Tuesday, August 27, 2013

Absence Makes the Mind Wander - and White Lies Scrum Challenge

So i've only been slightly here for the past few months.  My life has been concentrating mostly on our new baby and making sure that work doesn't get left in the dust.  Things seem to be settling out a bit, as my daughter hits her 8th month and we get more used to things, maybe i'll be able to find some more time.

i think that one commitment that i can make is to be more regular about posting our friday scrum challenge details for ya all.

i think that i've mentioned it before.  my QA team meets for 15 minutes every day and has a pretty traditional scrum, what you've accomplished yesterday, what you're going to accomplish today and what blockers you're challenged with.  On fridays though, i take over the scrum and administer a 'Scrum Challenge.'  These are mostly team building games, questions, challenges etc.

Today's Challenge

White Lies

During Scrum
  1. Each person is handed a piece of paper.  (they've been told to bring pens)
  2. Each person has 2 minutes to write down three statements about themselves and their name on a piece of paper.
    1. the statements can be things like their shoe size, their birth place etc.
    2. one of the statements will be a lie.
    3. that statement should be marked as a lie.
  3. The judge reads out each person's statements anonymously, randomizing statement order for each person.
    1. going around the table each person votes on who wrote the three statements.
      1. the judge records the people that get it write, anonymously.
      2. a person voting for their own entry gets that point.
    2. going around the table again, each person votes on which statement is a lie.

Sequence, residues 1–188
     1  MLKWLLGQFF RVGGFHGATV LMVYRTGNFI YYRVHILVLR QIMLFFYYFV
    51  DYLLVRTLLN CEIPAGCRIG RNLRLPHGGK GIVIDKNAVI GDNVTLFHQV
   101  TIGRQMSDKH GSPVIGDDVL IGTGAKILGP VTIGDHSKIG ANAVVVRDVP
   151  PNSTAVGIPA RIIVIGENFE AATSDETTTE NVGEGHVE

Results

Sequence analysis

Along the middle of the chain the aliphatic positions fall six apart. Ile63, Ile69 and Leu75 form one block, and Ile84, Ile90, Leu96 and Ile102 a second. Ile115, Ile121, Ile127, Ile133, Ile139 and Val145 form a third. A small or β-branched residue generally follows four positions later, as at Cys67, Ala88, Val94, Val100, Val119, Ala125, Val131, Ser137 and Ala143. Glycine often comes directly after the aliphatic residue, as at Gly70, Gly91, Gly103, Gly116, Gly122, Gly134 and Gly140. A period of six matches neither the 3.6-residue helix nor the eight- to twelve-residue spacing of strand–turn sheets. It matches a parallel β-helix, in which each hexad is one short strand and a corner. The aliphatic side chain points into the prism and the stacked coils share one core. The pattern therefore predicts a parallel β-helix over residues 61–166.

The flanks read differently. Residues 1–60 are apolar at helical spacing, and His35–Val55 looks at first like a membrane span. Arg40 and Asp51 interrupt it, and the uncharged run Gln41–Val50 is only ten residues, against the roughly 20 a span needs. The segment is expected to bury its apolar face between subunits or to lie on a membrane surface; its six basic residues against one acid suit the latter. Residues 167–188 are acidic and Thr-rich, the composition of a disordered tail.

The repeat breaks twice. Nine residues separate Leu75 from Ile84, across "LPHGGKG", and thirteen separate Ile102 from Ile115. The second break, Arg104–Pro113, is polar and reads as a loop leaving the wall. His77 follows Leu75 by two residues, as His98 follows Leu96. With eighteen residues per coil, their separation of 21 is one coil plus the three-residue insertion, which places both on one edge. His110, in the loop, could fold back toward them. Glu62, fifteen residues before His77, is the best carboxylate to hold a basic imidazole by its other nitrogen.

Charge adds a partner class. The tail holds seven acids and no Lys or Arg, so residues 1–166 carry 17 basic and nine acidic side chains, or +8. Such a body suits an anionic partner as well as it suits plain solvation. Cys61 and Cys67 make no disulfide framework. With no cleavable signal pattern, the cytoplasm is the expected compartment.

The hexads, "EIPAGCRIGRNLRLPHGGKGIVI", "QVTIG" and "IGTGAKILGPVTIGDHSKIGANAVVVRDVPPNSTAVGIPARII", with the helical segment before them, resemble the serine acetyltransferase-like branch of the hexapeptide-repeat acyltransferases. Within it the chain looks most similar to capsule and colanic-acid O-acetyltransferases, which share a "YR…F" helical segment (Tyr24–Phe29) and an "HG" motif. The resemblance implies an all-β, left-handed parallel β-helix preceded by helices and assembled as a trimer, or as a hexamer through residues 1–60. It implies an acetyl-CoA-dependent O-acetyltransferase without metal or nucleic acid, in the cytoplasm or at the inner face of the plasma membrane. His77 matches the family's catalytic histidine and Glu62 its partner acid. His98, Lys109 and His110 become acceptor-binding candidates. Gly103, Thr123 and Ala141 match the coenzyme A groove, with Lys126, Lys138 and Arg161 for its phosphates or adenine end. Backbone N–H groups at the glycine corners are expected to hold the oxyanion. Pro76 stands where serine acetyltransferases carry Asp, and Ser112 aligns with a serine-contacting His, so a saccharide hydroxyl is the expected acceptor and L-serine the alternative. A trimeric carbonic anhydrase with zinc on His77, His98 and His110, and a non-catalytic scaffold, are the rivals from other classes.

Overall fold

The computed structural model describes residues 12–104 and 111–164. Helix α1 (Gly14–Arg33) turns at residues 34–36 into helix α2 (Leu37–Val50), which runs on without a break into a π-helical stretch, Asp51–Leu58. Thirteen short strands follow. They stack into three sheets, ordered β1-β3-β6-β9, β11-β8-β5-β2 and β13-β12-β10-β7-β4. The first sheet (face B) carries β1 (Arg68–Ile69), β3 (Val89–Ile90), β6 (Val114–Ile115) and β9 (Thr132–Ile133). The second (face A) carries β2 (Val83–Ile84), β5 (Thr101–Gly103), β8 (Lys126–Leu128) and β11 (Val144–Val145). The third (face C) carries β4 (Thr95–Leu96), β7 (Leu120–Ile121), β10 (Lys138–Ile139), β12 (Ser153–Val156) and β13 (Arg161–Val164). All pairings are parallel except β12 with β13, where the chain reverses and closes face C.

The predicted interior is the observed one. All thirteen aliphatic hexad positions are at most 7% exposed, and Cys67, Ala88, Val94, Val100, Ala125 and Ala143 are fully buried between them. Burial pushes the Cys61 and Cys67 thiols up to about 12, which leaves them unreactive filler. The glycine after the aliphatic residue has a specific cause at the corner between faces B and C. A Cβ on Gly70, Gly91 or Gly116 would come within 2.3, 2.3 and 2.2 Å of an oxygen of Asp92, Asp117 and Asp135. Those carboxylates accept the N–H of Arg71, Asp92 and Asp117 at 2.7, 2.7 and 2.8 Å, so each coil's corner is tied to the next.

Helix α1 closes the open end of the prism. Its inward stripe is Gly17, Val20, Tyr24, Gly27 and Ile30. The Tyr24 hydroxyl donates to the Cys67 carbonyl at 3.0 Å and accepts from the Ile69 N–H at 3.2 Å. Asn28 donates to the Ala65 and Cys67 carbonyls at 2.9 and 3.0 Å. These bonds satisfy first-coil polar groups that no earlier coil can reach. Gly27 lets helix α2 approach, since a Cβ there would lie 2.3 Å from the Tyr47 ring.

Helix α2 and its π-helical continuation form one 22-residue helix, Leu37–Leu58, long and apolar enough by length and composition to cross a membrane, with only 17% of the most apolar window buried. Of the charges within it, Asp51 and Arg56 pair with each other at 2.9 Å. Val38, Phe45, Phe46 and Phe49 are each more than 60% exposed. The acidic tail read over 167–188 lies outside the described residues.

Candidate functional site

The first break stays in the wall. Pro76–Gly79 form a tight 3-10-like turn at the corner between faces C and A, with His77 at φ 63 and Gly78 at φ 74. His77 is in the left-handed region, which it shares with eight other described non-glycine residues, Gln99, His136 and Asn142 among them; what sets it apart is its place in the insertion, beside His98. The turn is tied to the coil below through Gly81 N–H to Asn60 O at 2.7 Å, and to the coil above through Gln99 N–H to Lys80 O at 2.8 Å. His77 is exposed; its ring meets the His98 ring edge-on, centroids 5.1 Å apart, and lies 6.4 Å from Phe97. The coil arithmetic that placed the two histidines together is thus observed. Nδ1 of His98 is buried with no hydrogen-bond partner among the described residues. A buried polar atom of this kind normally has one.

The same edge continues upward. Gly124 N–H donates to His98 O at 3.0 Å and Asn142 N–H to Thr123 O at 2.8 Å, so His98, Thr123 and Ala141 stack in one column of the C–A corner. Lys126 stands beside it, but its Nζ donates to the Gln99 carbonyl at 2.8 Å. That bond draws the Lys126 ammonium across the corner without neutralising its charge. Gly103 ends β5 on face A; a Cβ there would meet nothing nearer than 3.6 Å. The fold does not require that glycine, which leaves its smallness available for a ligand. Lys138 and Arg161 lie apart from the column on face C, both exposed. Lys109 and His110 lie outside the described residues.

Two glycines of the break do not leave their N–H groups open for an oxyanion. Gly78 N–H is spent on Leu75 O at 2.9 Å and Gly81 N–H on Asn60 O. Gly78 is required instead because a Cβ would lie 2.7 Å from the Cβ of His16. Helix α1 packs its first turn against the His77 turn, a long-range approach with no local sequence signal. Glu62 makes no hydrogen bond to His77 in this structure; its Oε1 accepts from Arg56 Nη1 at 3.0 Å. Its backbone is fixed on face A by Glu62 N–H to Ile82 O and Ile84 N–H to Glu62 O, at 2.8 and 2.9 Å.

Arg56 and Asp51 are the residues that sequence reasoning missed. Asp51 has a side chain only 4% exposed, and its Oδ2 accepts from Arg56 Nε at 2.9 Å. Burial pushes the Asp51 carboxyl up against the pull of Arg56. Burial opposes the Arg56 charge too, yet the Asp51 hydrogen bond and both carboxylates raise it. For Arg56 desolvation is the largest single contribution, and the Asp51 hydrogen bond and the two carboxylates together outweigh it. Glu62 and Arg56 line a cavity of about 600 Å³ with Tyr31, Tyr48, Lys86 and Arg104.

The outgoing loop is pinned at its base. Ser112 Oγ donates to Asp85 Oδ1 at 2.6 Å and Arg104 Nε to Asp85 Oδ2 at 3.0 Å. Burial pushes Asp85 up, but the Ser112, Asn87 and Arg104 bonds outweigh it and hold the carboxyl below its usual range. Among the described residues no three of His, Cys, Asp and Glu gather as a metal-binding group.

1. the judge records tallies against each statement.
      2. a person voting on their own lie doesn't get counted.
  4. At the end the judge tallies up the scores.
    1. one point for each person's vote for the right person.  ie if Joe has 3 people pick his entry, that's 3 points for joe.
    2. one point for each person's vote for the right lie.  ie if Joe has 3 people choose the statement that was actually a lie that's 3 points for Joe,
  5. Winner is the entry with the fewest points. 
An example of an entry

  1. More a dog person than a cat person.
  2. I have 4 nieces.
  3. I traveled to the D-Day beaches. (lie) 
This game was received by the team quite well. It took a minute or two extra to explain and it challenged a couple of people achieving it but they enjoyed all of the parts.  Two team members indicated later independently of one another that they had really enjoyed this game.  I don't normally receive that kind of post-game validation so i'm taking that as a very good sign.

What Went Right

  • The team understood the challenge and were able to play.  They were able to vote for one another. 
  • The team enjoyed the challenge quite a bit. 

What Went Wrong

  • Eight players meant that we were a little stretched for time.  we didn't get to do the scoring in the game together. public scoring is part of the learning and not having time for that is a miss.  i feel that we would have time for it if we play the game again because the learning curve will not eat up time and voting will be smoother. 
  • Didn't think to have the players mark which entry was a lie.  had to followup afterwards.  i've already corrected this in the rules above. 

Lessons Learned
As with all of the games that we play, i want there to be something that people can take away from it.  Predominantly this game brought with it the concept of getting to know your other team members.  There is the obvious, of course, of learning about your fellow team members both from their true statements and their lies.  But there is also the depth of getting to know your team mates through the way that they approach untruths.  There are hidden queues there about nervousness of lying, how clumsy the lies are, etc.

This game also brought with it some game theory.  A couple of the people chose items that they believed others would think was someone else in the group.  They also chose lies that they thought would misdirect.  This wasn't really all that successful through intent that i saw (although some very good accidental misdirection occurred) but you could tell that they were trying.

We will play this game again.

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